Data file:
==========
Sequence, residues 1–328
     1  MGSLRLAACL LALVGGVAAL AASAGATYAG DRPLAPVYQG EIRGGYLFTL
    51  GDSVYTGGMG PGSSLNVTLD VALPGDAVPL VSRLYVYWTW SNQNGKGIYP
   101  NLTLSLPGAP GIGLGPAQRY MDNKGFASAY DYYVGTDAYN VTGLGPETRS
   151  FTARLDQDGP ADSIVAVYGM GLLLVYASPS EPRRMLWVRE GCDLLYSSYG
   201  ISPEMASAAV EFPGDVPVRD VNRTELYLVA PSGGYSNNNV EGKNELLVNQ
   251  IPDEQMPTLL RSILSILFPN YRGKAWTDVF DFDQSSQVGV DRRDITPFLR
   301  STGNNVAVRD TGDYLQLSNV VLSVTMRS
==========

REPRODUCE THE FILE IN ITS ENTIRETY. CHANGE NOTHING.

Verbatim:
Sequence, residues 1–328
     1  MGSLRLAACL LALVGGVAAL AASAGATYAG DRPLAPVYQG EIRGGYLFTL
    51  GDSVYTGGMG PGSSLNVTLD VALPGDAVPL VSRLYVYWTW SNQNGKGIYP
   101  NLTLSLPGAP GIGLGPAQRY MDNKGFASAY DYYVGTDAYN VTGLGPETRS
   151  FTARLDQDGP ADSIVAVYGM GLLLVYASPS EPRRMLWVRE GCDLLYSSYG
   201  ISPEMASAAV EFPGDVPVRD VNRTELYLVA PSGGYSNNNV EGKNELLVNQ
   251  IPDEQMPTLL RSILSILFPN YRGKAWTDVF DFDQSSQVGV DRRDITPFLR
   301  STGNNVAVRD TGDYLQLSNV VLSVTMRS